6 things to know before making a career pivot

If you have thought about making a career move that breaks the mold, this one’s for you.

Having spoken with hundreds of people who crave meaningful change in their careers, here’s one thing I’ve learned: many are confused, and most are terrified.

What follows are six things to know before making a career pivot. I have practiced these self-reflections before big career decisions, and I’ve taken others through them. Knowing these things brings clarity to your big move, ensures a more successful pivot, and helps with the terror, I promise!

1. Know what you love to do

There is so much out there on following your passion, and as many differing opinions on whether it’s actually something you “should” do. And while anyone can see that DOING what you love may or may not be a viable career path, KNOWING what you love to do certainly helps when making career decisions. So, what do you love to do? If you haven’t made your list, make it now.

2. Know what you value

We know that our values are the blueprint for sound life decisions. So why don’t we think and talk about our values more? Doing a simple exercise to clarify your values can eliminate so much guesswork, because you have a framework you can consciously work with to figure out what is going to work best for YOU.

For example, my top value is Evolution. When I feel like my ability to develop is impeded, I get frustrated. So a narrowly defined job in a slow moving company isn’t ideal for me. I do better with miles of runway and space to fail and grow. What are your top 3 values? If you want to do a simple values exercise, I created one: Get my Values Exercise here.

3. Know what you’re good at

What are the top things you’ve been recognized for? Think about feedback you consistently get at work, during performance reviews and casually. Think about what your friends ask you for advice on, and what the people in your life admire you for. Make a list of all your best skills. Most skills by definition are transferable – or at least they can be positioned that way. List 20 skills, then narrow them down to your genuine top skills.

4. Know what you dream of

There, I said it. WHAT YOU DREAM OF. Because you have dreams. I know you do. And the sooner you can get clear on what that dream actually looks like, the sooner we can put the rest of these puzzle pieces into place. Dream boldly, dream often, and dream on paper. Write it down and see what your subconscious mind has been waiting to tell you. Honestly, you might be surprised. What do you want? To quote the amazing Rachel Hollis, “Goals are Dreams with their work boots on.” Before you can put on the work boots, you need a dream.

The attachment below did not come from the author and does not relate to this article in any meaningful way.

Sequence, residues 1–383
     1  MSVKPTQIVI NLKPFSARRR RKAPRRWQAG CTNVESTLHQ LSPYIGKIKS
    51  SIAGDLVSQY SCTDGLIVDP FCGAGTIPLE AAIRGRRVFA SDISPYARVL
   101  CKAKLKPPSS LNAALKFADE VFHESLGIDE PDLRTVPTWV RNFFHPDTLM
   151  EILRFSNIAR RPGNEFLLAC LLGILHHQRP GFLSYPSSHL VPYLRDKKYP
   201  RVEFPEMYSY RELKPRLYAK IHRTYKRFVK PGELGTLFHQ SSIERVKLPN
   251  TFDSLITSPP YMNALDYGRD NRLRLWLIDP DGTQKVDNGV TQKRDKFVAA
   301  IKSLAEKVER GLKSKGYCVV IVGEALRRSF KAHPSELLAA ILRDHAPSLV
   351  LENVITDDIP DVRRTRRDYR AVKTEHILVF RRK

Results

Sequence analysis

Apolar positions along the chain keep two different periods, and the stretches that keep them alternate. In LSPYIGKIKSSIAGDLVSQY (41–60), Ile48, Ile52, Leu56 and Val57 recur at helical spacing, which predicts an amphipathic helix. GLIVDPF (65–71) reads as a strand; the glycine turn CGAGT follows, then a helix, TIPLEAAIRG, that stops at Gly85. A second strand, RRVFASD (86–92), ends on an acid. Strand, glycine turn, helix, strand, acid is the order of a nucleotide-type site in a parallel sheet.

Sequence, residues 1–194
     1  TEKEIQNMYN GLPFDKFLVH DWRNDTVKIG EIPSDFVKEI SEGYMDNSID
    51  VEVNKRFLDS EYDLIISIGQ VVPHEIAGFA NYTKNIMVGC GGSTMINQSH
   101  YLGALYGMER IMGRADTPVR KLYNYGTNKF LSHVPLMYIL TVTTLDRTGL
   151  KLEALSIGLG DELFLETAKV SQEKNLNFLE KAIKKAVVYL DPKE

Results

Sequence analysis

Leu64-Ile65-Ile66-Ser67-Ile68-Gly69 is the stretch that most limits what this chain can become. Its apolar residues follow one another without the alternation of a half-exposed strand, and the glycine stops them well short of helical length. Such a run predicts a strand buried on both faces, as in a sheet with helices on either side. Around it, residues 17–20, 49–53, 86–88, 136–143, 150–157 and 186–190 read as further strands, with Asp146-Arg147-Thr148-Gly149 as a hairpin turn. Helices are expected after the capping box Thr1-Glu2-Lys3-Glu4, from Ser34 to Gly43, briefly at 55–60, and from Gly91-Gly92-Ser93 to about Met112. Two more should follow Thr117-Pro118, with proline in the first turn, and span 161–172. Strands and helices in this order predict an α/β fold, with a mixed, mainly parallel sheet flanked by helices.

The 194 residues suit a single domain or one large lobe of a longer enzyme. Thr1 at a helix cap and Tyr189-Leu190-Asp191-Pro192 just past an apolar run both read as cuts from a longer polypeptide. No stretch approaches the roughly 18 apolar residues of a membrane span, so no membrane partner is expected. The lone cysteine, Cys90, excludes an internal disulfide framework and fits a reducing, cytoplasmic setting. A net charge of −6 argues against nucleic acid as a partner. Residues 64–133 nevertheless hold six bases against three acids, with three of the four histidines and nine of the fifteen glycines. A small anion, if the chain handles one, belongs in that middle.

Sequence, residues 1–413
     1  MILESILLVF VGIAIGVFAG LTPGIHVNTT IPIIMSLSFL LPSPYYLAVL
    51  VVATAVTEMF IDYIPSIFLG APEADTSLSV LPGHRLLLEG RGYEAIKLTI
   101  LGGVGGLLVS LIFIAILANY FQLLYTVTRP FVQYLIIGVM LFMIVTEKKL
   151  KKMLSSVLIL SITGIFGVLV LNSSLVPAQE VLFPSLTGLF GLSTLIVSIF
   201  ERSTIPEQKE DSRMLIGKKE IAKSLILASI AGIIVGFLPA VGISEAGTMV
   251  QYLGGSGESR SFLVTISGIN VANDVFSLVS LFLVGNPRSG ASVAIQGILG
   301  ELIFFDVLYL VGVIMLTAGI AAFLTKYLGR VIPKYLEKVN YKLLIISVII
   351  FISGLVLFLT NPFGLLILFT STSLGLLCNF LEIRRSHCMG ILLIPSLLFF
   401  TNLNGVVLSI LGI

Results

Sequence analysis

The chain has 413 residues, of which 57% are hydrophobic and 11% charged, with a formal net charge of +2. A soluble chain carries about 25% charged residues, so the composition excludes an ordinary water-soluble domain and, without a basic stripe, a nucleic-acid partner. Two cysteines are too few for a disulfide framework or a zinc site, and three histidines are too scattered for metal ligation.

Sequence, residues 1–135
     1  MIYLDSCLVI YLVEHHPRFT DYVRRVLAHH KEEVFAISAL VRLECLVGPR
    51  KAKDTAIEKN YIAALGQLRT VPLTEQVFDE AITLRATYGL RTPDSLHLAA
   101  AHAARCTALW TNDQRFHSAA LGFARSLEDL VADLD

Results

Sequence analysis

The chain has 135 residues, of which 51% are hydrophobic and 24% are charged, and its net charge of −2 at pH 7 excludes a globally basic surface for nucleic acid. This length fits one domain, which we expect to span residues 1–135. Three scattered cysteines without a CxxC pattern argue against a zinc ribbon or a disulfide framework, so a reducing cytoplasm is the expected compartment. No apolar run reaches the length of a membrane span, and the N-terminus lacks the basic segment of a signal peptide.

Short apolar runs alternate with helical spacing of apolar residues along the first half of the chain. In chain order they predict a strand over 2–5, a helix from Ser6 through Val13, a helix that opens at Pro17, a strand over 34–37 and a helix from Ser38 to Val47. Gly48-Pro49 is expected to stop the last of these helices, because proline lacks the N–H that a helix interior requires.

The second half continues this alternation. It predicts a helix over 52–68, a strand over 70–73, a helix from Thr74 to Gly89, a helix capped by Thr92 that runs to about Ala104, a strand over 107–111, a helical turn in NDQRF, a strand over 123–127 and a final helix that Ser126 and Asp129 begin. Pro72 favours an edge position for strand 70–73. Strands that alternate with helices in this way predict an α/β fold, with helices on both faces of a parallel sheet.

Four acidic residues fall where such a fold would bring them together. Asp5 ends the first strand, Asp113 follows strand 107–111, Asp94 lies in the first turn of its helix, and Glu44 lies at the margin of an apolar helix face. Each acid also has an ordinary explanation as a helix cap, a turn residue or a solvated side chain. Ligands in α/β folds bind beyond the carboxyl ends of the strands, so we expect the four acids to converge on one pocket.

5. Know how you’re marketable

Here’s where having a sense of the job market helps, and sometimes that means working with a coach to start to merge the picture together. Let me say this: what you’ve got can be packaged a million different ways. In order to package it properly for your desired outcome with your pivot, you need a sense of how you’re marketable.

What special experiences will stand out to your target employer? What aspects of your past workplaces, industries, positions, projects, etc., will help you shine where you want to go next? Look at yourself through the lens of what you’re moving towards, not what you’re moving away from. It can be a challenge because all you’ve known is your past. Your future, post-pivot, looks different. Know how you’re marketable, from your future.

6. Know what you’re willing to stand for

It’s not all unicorns and rainbows out here in the big world! With any major life change (career pivot definitely included), we run a real risk of romanticizing how this new move is going to take all of our problems away.

Truth: you will still have bad days on the other side of this change. The trick is, thinking about what that will feel like, ahead of time, and deciding what you’re willing to stand for. If your big change involves going back to school, you need to be ready to slog through exam preparation. If it involves moving to a client facing role, you better believe you’ll be on call, at least some of the time, to respond to your clients on their terms. Consider the worst day in your new life, and decide now whether you’re willing to stand for it. Is it worth all the good stuff your expecting? If it is, then you’re on the right track. Full speed ahead.


Want to chat 1:1 about your career? Book your free career strategy and intro to coaching session with me, HERE.

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